The Red and the White, a Soviet film released in 1967, depicts the confusion and brutality of the Russian Civil War. At the time of film’s release, war movies, due to their intense popularity, had formed a clearly defined set of tropes and tactics. Director Miklos Jancso could have easily followed these rules to construct a traditional war narrative. Instead, Jancso rejects nearly all the typical elements of a war film. This results in a kind of hybrid film that defies categorization. It is hard to pinpoint exactly which genre The Red and the White belongs in. Can viewers consider a film without a traditional narrative, a drama? Does a piece without archetypal characters count as a fiction film at all? The Red and the White utilizes many techniques that unnerve the viewer in its deviation from the classic war-genre film. These techniques serve to create a depiction of war that falls somewhere between fiction and nonfiction, blurring the lines between art and historical depiction.
The classic film, Pork Chop Hill, exemplifies the traditional Hollywood war drama at its zenith. The Red and the White and Pork Chop Hill, released in 1959, come from different countries, but similar historical contexts. Audiences were used to seeing certain types of film. Pork Chop Hill, with its sweeping music and opening credits, throws the audience into the world of Hollywood cinema. The opening sequence prominently features its star, Gregory Peck. The director, Lewis Milestone, leaves no room for confusion: this is a war movie. As a result, the audience goes into the first scene with a plethora of ideas and expectations for the film that Milestone gladly meets.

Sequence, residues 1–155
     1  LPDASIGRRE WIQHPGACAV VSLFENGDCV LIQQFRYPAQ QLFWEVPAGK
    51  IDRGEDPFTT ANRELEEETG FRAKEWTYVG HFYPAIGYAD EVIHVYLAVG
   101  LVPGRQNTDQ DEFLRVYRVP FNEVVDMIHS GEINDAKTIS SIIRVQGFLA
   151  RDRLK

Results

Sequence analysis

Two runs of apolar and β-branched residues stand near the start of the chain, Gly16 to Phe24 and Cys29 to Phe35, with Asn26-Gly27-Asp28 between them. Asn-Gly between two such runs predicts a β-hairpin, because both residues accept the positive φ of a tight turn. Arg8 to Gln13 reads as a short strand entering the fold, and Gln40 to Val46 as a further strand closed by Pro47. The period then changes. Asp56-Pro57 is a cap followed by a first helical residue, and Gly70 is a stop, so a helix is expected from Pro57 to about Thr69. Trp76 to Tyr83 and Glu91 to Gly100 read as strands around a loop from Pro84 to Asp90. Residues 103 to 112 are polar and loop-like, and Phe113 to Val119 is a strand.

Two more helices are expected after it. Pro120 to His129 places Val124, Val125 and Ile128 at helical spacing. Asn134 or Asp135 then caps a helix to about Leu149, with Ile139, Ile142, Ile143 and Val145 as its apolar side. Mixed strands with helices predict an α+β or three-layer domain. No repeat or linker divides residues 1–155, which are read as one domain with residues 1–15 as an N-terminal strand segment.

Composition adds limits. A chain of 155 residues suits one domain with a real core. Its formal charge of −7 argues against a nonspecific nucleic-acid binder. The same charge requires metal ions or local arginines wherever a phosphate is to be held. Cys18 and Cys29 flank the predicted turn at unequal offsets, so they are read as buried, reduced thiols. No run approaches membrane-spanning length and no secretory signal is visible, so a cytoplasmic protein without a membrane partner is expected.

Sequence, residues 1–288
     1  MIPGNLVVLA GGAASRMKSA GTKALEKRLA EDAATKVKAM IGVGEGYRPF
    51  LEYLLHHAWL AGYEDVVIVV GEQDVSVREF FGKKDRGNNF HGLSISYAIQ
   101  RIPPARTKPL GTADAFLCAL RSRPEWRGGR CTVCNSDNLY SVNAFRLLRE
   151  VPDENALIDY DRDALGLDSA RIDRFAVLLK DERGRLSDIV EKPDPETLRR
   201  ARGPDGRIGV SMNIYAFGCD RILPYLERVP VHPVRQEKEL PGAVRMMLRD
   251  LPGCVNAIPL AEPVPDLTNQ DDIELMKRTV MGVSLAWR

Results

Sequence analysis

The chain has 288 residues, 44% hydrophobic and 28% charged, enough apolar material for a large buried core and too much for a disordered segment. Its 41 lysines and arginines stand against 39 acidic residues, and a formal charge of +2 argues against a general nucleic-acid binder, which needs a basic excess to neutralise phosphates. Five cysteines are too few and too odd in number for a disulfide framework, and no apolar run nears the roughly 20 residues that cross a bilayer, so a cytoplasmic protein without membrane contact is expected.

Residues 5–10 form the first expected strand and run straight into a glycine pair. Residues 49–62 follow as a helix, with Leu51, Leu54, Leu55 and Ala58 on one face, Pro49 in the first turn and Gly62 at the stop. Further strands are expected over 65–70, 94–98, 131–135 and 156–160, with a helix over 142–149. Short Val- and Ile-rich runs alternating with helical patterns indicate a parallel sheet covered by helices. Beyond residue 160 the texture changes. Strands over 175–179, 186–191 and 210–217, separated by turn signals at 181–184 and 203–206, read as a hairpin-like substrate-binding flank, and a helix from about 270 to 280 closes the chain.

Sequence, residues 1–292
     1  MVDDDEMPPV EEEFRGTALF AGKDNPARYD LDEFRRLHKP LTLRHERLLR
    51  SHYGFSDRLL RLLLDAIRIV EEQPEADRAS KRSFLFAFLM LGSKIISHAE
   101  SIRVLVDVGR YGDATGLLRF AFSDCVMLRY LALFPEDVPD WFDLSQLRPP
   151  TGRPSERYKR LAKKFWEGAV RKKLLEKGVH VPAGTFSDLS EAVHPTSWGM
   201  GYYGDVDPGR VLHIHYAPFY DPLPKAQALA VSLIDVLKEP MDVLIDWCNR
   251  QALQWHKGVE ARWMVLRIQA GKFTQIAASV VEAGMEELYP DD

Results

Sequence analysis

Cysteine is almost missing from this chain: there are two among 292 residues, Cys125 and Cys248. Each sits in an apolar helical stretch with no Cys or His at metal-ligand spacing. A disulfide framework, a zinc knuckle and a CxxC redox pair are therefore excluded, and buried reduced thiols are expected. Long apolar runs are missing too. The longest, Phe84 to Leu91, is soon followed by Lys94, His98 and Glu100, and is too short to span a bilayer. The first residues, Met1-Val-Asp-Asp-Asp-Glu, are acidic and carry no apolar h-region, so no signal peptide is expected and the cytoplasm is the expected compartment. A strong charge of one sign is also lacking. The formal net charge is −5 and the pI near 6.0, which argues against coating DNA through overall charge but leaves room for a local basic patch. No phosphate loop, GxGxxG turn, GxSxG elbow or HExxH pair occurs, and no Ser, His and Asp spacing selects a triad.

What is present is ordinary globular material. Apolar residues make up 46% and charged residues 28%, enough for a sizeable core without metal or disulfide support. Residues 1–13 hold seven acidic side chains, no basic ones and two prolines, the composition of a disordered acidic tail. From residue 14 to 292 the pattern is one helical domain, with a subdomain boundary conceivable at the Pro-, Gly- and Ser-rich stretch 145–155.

In the first few scenes, the film presents the audience with clear characters. These are not soldiers, but stars thrown into a uniform and told to run with a gun. There is an obvious protagonist, Lt. Clemons played by Gregory Peck, supported by a cast of distinctive personalities. For example, the film immediately cultivates the audience’s attachment to Corporal Fedderson and Corporal Jurgens, two goofy but loyal soldiers. When Clemons’ regiment begins its attack on Pork Chop Hill the dramatic soundtrack cues the audience’s response. The viewer believes in the capability of Clemons to overcome the impossible task of seizing Pork Chop Hill. Clemons embodies all the characteristics one would expect from a hero; he is stoic and brave, but still humble. As a result, the audience respects him and emotionally invests in his survival, raising the stakes and drama of each battle sequence. Pork Chop Hill stresses that the film is based on real events. However, one must question the accuracy of the picture. Pork Chop Hill depicts war the way we expect to see it. Audiences who have never experienced any kind of combat are not surprised by the war images shown on screen. They are not taken aback even though the film forces them to experience something completely foreign. As a result, one could argue that Pork Chop Hill depicts war the way viewers want to see it, not the way it actually is.